Further tests will involve an Internet connected receiver, giving instant results, rather than having to wait a day for the measurement! Tests will involve adding various ground planes under the antennas, and trying to confirm the "breakaway region" theory.

EH Antenna Revisited
The PVA/EH antenna is probably the most controversial design ever published. Analysing it with NEC2 indicates it's a short fat dipole. Accusations of radiation by common mode current have persisted, though I find this mostly untrue. Proponents of the EH claim it requires "extensions" to Maxwell's equations. As shown by the above result I conclude something similar to the EH can give performance approaching a full length wire antenna under practical conditions. Removal of the lower cylinder of the EH antenna results in similar performance.

Here I advance an alternative theory which
does not require any changes to physical laws which have been accepted by genius level scientists for over 100 years. It does require the acceptance that the NEC2 antenna simulator produces incorrect results.

The classic paper by Landstorfer and Meinke describes electric field lines breaking away from a rod above a ground plane. Only the top of the rod produces "escaping" field lines that manifest as far-field radiation. As the field lines are electric (as opposed to magnetic) their equations suggests higher voltage on the top of the rod will increase the strength of the escaping field. My tests bear out their ideas.

The EH antenna places a high voltage (via step-up transformer) on a cylinder. In practice the cylinder is raised above a "ground plane" which may consist of a car body, house roof, or the actual ground. If the transmitter is connected in any way to ground even by capacitive effects, electric field lines will be formed, and some will escape to be far-field radiation. The losses of such a system will include:

  • Resistive or dielectric losses in the circuit path between the high voltage plate and "ground"
  • Loss by resistive or lossy magnetic/dielectric materials which make up the "ground"
  • Dead capacitance between the lower cylinder and upper cylinder

Therefore by having a reasonably low loss conductive ground plane beneath it, and connected somehow to the transmitter, the effectiveness of the EH antenna is improved. The second point is self-evident and applies to any kind of antenna.

The 3rd point takes us back to the Landstorfer paper. It classifies capacitance into 2 types; radiating and dead-capacitance. The lower cylinder of the EH antenna is dead-capacitance. Its presence reduces the resonant frequency, but does not contribute anything to far field radiation. This can be proved by removing the lower cylinder, and enlarging the upper cylinder to compensate for the increase in resonant frequency. Signals to/from the antenna tend to increase or remain the same. Hence the "Poynting vector synthesis" theory of the EH antenna is disproved.

Substituting the space capacitance/dead capacitance theory for “Poynting vector” explains the unexpectedly good performance of the EH antenna. When a metallic plate is introduced under the antenna, the electric field losses are reduced, and the top cylinder radiates effectively as Landstorfer envisaged. Without the large area of a ground plate, the electric field lines can only escape along the coax, which has a small area. So, the EH antenna performs 10dB below a standard dipole.

The combination of ground loss effects and radiating capacitance explains how a short radiator can have such apparently good performance, even down to the radiator itself being ~5%λ. The height above "ground" and the ground plane itself add to the electric field radiation mode described. Radiated efficiency can apparently match full size antennas as shown by my measurements above.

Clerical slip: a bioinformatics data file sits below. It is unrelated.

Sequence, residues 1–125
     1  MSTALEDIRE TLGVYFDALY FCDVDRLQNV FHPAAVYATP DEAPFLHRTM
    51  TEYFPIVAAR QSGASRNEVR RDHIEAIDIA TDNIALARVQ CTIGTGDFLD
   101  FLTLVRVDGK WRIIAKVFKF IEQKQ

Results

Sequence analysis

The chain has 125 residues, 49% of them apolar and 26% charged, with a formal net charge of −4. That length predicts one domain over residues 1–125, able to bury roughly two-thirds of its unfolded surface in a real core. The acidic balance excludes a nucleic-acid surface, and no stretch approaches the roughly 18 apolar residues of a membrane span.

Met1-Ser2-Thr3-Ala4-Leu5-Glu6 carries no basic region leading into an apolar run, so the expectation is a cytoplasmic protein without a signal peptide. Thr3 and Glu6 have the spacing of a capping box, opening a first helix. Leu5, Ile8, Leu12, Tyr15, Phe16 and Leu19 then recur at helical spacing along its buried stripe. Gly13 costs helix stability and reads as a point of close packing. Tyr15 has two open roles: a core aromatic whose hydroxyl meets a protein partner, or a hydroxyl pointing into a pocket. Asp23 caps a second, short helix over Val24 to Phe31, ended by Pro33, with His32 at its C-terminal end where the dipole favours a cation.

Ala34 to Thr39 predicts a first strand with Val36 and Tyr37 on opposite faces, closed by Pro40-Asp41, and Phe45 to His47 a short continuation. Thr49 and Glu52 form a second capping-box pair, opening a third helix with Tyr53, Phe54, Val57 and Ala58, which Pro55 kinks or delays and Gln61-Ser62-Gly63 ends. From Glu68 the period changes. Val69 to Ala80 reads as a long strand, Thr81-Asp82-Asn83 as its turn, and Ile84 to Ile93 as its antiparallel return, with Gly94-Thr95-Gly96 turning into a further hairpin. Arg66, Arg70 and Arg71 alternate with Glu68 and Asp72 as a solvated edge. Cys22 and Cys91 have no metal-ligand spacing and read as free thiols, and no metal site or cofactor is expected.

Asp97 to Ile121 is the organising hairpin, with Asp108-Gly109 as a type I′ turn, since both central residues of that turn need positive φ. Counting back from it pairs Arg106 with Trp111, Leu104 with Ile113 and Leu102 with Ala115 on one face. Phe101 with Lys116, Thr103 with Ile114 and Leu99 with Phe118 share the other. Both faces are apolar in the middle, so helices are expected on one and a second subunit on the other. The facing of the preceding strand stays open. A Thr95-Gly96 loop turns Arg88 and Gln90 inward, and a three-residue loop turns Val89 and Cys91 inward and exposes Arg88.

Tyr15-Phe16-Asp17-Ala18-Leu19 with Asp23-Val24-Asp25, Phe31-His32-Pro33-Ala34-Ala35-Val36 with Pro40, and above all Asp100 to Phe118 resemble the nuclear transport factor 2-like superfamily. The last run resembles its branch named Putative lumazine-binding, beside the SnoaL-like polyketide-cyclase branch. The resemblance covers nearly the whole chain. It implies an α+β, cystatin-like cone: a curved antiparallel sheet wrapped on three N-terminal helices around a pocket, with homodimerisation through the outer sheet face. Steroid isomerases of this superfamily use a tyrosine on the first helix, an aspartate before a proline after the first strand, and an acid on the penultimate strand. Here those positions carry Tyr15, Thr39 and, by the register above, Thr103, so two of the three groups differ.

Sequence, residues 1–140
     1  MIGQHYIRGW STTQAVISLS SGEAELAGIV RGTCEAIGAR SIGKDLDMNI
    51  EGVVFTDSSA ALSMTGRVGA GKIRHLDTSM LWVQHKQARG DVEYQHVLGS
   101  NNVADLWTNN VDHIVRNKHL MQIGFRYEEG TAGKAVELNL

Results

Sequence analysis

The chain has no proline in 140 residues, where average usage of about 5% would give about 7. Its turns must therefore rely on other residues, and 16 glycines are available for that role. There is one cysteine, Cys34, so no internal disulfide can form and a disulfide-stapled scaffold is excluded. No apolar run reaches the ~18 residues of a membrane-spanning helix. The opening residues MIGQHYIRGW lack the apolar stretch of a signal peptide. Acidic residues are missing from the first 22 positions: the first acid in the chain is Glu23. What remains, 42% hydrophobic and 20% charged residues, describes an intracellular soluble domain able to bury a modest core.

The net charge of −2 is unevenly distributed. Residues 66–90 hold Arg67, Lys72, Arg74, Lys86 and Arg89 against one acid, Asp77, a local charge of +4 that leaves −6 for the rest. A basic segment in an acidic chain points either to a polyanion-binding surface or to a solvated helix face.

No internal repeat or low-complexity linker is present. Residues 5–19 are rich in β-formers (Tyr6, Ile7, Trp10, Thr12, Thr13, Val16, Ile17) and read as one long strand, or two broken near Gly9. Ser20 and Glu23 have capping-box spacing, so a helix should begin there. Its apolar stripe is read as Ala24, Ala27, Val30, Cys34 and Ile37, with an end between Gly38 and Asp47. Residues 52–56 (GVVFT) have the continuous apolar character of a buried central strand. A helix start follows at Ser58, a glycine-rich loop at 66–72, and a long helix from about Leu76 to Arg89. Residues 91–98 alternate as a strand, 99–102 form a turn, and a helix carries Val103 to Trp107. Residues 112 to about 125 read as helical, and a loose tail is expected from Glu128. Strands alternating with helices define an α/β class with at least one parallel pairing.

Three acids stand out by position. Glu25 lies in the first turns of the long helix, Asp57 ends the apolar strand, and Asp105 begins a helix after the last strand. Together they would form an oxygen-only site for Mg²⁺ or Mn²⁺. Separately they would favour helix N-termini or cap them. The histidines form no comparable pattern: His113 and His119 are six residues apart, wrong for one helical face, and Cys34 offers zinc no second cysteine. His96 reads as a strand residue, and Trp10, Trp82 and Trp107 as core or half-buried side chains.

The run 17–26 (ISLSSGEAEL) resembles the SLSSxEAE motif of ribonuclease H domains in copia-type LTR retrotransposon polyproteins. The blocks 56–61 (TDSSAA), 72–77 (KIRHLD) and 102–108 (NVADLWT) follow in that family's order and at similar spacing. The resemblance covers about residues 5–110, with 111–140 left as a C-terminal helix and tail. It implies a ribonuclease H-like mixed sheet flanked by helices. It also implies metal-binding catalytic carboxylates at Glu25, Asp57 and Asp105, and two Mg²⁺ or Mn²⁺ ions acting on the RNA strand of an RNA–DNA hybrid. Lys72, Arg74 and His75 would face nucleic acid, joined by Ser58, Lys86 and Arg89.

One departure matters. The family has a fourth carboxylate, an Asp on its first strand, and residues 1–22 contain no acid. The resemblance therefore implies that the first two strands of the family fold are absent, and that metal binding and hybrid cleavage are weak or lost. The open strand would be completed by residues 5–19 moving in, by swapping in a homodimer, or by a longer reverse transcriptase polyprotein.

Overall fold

I am working on how short this concept can be made above the ground plane, and a more definite result proving it's worth against a conventional antenna. Its probable the lower limit is 5% λ. Nowhere near as small as the other controversial designs, but I will repeat: ANTENNA TESTING CAN BE VERY MISLEADING.

MicroVert and PVA
The MicroVert has been around since 2001. The designer, DL7PE, asserts that having a conductive cylinder outside a short fat radiating element produces space capacitance. There will indeed be capacitance between the 2 cylinders. However by admission of his article, the performance of the MicroVert is 10-20dB down on a standard dipole. This because the capacitance between the 2 cylinder is not space capacitance at all, and DL7PE completely mis-interpreted the Landstorfer paper. Also this page goes over the same ground but makes the mistake of analysing with NEC2.

More recently the
Poynting Vector Antenna appeared. In particular this page ignores the graphs given by Landstorfer, and moves the radiating capacitances far too close together. This is why the PVA (despite the charming pig and horse shapes) performs badly. I constructed one (made from 2 plastic bottles plus copper foil) and found it to be very "dead" compared to a conventional wire antenna.

Crossed Field Loop and Maurice Hately
Finally here, some words about the crossed field loop. This was the successor to the crossed field antenna developed by Prof. Maurice Hately (GM3HAT) with great fanfare and controversy about 25 years ago. The CF Loop has US patent US6025813, and I built one to the design as closely as I could, with this result:

There are only some cheap parts required, like thick copper wire, a T200 iron dust toroid and two small trimmer capacitors. Performance was >10dB down on a conventional wire antenna, and bandwidth very narrow. This barely merits the word "antenna," it's almost a non-radiating tuned circuit.

I found it was easy to control common mode current, by moving the coil tap to the centre, and using two turns of the coax thru a clip-over ferrite. Common mode current was always used by opponents of this design to explain its mode of operation. I have a different opinion, and also may explain why Prof. Hately vigorously defended his antenna until his death in 2012.

Any tuned circuit will radiate a small amount, and give an SWR dip when viewed on a network analyser. I think Prof. Hately was deceived by a combination of "if you can put power into it, it must radiate" and the vagaries of HF propagation. As shown above on this page, the effect of ground under the antenna is VERY MISLEADING.

Unfortunately today is a low point in alternative HF antennas. Anything that doesn't simulate well or easily in NEC2 is dismissed out of hand. This is probably why none, or very few new HF designs have appeared over the last 10 years.